***Update to original column: NFL commissioner Roger Goodell has issued a statement responding to the president’s “divisive comments” that “demonstrate an unfortunate lack of respect for the NFL, our great game and all of our players, and a failure to understand the overwhelming force for good our clubs and players represent in our communities.”***
The NFL had to say something.
The NFL had to say something because the President of the United States, carrying the loudest voice in the world, backed it into a corner.
It had to say something because President Donald Trump took an unambiguous shot at the product the league so fiercely protects. It had to say something because he encouraged fans to turn away. And more than all else, the NFL had to say something because the President of the United States profanely derided a segment of human beings – and players – who are reaching for the freedom that he was elected to protect.
The NFL had to say something because the league backed this president, and he returned the favor by using the NFL’s struggles as a form of political currency while stoking his base in Huntsville, Alabama, on Friday night.
Lest anyone forget, the NFL bought part of this. It bought part of Trump. And not just a smattering of owners, either. We’re talking about the league itself.
Nearly eight months ago, when it came time to open wallets for Trump’s inauguration, the NFL answered the call in an unprecedented way. Eight team owners pumped a collective $7.25 million into Trump’s inaugural committee, representing the largest gift from a collective group of power brokers from any major sport. And it didn’t stop there. Even NFL Ventures – the league’s marketing and promotional behemoth – donated $100,000, according to Federal Election Committee documents.
Say what you want about NFL owners following their own political agenda, but the core center of the NFL’s “face forward” effort toward the fan base is NFL Ventures. It is the league.
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So what has the NFL gotten for all those golden quarters pumped into Trump’s inauguration? Pretty much the same thing everyone has gotten out of his presidency thus far: A busted political slot machine of loud noises, flashing lights and no payoff.
That’s the reality for the NFL after Friday, when Trump spoke to a crowd in Alabama and repaid the league’s generosity with this:
“Wouldn’t you love to see one of these NFL owners, when somebody disrespects our flag, to say, ‘Get that son of a bitch off the field right now. Out – he’s fired. He’s fired!’ ”
“When the NFL ratings are down massively. Massively. The NFL ratings are down massively.”
“Because you know, today if you hit too hard: [Flagged] 15 yards! … They’re ruining the game!”
“But do you know what’s hurting the game more than that? When people like yourselves turn on television and you see those people taking the knee when they’re playing our great national anthem. The only thing you could do better is if you see it, even if it’s one player, leave the stadium. I guarantee things will stop. Just pick up and leave. Pick up and leave. [It’s] not the same game anymore, anyway.”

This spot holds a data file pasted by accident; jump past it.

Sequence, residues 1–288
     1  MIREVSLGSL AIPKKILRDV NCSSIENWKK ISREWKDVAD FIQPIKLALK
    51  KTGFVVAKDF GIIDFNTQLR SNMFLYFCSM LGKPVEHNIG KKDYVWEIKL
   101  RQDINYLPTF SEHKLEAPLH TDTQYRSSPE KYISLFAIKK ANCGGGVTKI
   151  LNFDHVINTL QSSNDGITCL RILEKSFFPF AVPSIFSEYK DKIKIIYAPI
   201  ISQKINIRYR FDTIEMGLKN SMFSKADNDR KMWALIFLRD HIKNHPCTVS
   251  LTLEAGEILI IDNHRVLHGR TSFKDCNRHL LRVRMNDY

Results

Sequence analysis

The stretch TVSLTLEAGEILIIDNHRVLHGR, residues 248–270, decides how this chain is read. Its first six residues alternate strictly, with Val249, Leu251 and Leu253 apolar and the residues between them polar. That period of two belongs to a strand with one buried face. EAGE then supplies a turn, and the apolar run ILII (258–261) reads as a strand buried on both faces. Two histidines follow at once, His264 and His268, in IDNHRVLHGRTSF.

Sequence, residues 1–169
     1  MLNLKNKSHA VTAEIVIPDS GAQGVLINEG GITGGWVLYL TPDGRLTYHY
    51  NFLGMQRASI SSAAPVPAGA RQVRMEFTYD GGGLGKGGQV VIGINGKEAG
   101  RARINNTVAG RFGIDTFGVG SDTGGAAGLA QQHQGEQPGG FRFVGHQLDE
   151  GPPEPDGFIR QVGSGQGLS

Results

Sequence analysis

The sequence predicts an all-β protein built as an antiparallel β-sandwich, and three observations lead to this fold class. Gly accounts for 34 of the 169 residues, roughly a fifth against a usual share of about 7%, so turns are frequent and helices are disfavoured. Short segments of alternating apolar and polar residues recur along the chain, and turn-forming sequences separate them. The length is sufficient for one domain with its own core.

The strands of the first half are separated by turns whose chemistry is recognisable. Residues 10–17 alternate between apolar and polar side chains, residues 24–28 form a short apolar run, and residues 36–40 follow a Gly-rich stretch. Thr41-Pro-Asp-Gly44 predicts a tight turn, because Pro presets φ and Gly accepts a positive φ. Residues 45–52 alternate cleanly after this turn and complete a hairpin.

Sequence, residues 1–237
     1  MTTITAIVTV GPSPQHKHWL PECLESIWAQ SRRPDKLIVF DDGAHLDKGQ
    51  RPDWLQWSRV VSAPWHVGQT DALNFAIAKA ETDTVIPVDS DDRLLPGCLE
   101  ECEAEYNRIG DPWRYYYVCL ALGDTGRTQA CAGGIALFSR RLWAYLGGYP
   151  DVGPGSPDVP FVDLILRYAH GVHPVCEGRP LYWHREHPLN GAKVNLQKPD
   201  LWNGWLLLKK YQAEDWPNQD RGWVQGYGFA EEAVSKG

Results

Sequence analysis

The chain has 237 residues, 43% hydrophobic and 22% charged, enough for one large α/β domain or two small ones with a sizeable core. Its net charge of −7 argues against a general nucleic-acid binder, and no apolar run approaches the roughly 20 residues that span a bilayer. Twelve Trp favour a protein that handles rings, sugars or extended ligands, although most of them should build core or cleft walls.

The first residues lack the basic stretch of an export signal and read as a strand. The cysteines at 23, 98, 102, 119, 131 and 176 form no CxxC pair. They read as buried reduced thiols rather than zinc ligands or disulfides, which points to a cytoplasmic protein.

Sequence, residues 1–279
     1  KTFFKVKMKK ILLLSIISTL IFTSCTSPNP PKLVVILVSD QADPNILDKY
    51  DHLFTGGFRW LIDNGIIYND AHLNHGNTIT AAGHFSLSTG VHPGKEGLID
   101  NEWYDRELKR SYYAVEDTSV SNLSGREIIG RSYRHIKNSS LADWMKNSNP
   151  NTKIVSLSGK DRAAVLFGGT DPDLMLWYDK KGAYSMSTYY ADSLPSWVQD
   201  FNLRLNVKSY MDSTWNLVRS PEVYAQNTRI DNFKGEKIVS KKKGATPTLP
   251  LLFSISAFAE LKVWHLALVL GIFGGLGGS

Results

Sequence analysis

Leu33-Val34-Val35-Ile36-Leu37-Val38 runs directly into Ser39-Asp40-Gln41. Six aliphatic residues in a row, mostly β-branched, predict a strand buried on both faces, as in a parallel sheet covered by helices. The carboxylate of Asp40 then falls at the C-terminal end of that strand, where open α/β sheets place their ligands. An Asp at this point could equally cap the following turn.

It’s not every day a group gives a president millions of dollars and then the commander-in-chief repays it by stirring up every one of that organization’s nightmares in the span of a few minutes. And doing so for no real tangible reason, mind you. That should give the NFL’s owners some food for thought.
Why was Trump even talking about the league in the first place? There was no reason other than picking some low-hanging fruit and playing to his crowd, which is seemingly the most consistent staple of Trump’s speech and Twitter doctrine.
All the while, seriously dragging a cabal of powerful NFL owners that gave money to him. A group that includes the Dallas Cowboys’ Jerry Jones; the Washington Redskins’ Dan Snyder; the Jacksonville Jaguars Shad Khan; the Houston Texans’ Bob McNair; the New England Patriots’ Bob Kraft; the New York Jets Woody Johnson; the Los Angeles Rams’ Stan Kroenke and the Tampa Bay Buccaneers’ Ed Glazer.
Imagine being the NFL or part of that ownership collection and watching Trump simultaneously weave together all of the league’s public relations nightmares in the span of minutes. Invoking changes that were made because of concussions. Touching on player protests. Ripping the ratings and suggesting fans should abandon the games.
If that’s not the worst return on the NFL’s and its owners’ collective $7.35 million investment, I don’t know what is.
And for that and a litany of other reasons, the NFL had to say something because parts of the league have already silently endorsed this with dollars. And because the league seemingly lives to make statements when someone is taking a sledgehammer to the bedrock.
Concussion litigation? The league has a voice.
Ratings? The league has a voice.
Quality of play? The league has a voice.
Now Trump has called the NFL’s next protesting player a “son of a bitch” and suggested he should be banished for expressing the freedom the president is elected to protect. There is no getting around this anymore: Trump took the NFL’s money and then from the highest office in the land, swung a hammer into the league’s foundation.
If this didn’t call for a response, nothing would.
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